• Identifying the programmatic areas and target populations with the highest need and largest potential benefit;
  • Development of intervention hypotheses, initial pricing, and contract terms;
  • Basic performance reporting and ex-post evaluation; and
  • Use of data as an ongoing performance feedback loop with providers and government to learn and improve.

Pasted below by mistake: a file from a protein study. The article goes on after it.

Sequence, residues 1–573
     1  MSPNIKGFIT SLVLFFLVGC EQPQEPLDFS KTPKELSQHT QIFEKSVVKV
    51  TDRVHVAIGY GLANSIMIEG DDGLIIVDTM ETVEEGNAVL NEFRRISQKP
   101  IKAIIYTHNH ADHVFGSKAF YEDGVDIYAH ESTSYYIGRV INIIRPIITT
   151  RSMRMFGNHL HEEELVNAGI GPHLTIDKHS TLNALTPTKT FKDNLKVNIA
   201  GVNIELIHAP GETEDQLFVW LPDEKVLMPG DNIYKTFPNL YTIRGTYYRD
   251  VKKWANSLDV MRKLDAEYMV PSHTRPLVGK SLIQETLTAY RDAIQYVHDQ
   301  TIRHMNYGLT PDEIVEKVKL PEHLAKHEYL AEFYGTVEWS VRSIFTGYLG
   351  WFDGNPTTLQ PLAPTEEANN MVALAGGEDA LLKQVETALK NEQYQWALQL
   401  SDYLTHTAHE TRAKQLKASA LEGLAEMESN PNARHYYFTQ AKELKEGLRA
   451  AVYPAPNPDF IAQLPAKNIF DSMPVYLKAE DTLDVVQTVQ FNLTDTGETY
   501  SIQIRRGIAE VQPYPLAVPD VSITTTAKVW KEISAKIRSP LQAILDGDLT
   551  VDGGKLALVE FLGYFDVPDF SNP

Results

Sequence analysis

The last process &emdash; use of data for ongoing performance &emdash; is a distinction of Pay for Success programs, which are giving administrative data the chance to become “working data” by truly developing a feedback loop between service providers and the contracting government entity. This means that instead of submitting one annual report to SDWP about how many youth were served, providers in the youth employment contract may be able to review data about their effectiveness on a monthly basis. This gives them the opportunity to learn from their data and refine their work to maximize the chance that the young people being served become employed in meaningful career paths. By using live working data, both the provider and SDWP see meaningful results for their investment, and most important, more young people are gainfully employed.